Rudolf Serkin, piano = BEETHOVEN: Piano Sonata No. 29 in B-flat Major, Op. 106 “Hammerklavier”; Piano Sonata No. 31 in A-flat Major, Op. 110 – Rudolf Serkin
BBC Legends BBCL 4241-2, 65:44 [Distrib. by Koch] ****:
Rudolf Serkin (1903-1991) brings his passionate intuition and searching intellect to his favorite composer, Beethoven, in two recitals from Royal Festival Hall. For the massive Hammerklavier Sonata, we turn to the concert of 13 May 1968, in which we receive one of the most lyrical and least percussive Serkin renditions of this mighty work that I have heard from one of the least “attractive” of keyboard practitioners. While meeting the formidable demands of the Hammerklavier’s breadth and massive polyphony, Serkin manages many effective passages of mercurial and even diaphanous effect, all within the framework of vibrant and convulsive upheaval that comprises most of the first movement and many of the subsequent variations in Adagio sostenuto. As always, the sense that Serkin probes the linear progression for the meaning even as he realizes the notes makes for a spontaneously nervous effect. Tender and exalted visions emanate from both the Adagio and final movement, marked Largo–Allegro risoluto. The various and knotty figurations of the fugue do not present Serkin with so many technical as expressive challenges, trying to maintain a regular pulse through a maze of syncopated metrics. The bare octaves in the Scherzo take on a haunted, even ghoulish sonority, the wind whipping over someone’s grave. By the time we conclude Serkin’s ascent, we might be a companion to Caspar Friedrich’s famous portrait of the Wanderer Above the Sea of Clouds, singular witnesses to a cosmic vision well above a sea of troubles.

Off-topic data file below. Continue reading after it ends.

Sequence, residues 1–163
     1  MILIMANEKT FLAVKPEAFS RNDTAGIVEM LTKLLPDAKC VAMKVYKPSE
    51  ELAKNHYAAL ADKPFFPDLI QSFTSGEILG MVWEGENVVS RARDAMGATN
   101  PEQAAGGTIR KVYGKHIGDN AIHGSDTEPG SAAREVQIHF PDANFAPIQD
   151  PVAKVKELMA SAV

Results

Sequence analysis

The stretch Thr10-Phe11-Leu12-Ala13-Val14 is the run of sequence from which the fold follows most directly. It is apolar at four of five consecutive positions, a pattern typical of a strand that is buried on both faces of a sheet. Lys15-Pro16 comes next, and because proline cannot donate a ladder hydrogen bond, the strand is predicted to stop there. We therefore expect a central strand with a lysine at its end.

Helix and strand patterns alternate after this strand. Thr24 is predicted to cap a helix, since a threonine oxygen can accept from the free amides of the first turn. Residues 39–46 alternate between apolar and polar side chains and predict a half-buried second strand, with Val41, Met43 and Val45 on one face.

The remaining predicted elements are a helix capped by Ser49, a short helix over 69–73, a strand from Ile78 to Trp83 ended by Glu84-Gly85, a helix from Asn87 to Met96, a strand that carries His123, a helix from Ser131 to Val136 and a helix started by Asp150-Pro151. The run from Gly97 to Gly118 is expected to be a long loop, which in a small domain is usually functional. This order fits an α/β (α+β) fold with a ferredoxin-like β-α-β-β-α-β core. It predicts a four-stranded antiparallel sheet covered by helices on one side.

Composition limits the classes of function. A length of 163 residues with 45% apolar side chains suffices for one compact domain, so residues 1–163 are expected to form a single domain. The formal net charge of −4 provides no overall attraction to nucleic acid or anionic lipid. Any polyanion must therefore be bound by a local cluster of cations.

The A-flat Sonata (16 June 1971) brings us a more “predictable” Rudolf Serkin, if we mean volatile, percussive, impulsive, and sensitive to Beethoven’s every whim. A deliberate edginess permeates this Op. 110, just as a self-restraining steadiness marks the Hammerklavier. The second movement, Allegro molto, hits us with raw energy, Serkin’s trills and pedal points muscular and penetrating. The elastic fugue in the third movement comes out of a Bach-like serenity and heraldic clarity of enunciation. Again, the hard patina and the direct exposure of Beethoven’s dissonances connects this sonata less with Chopin’s subjective lyricism than with the severe, intellectual bite of Reger and Hindemith. Serkin’s left hand punches out the melodic line with an athletic fervor that might suggest Charles Bronson’s attempt to deliver lines from Hamlet. Does it all work–listen to the performance and judge if the audience enthusiasm is warranted.
— Gary Lemco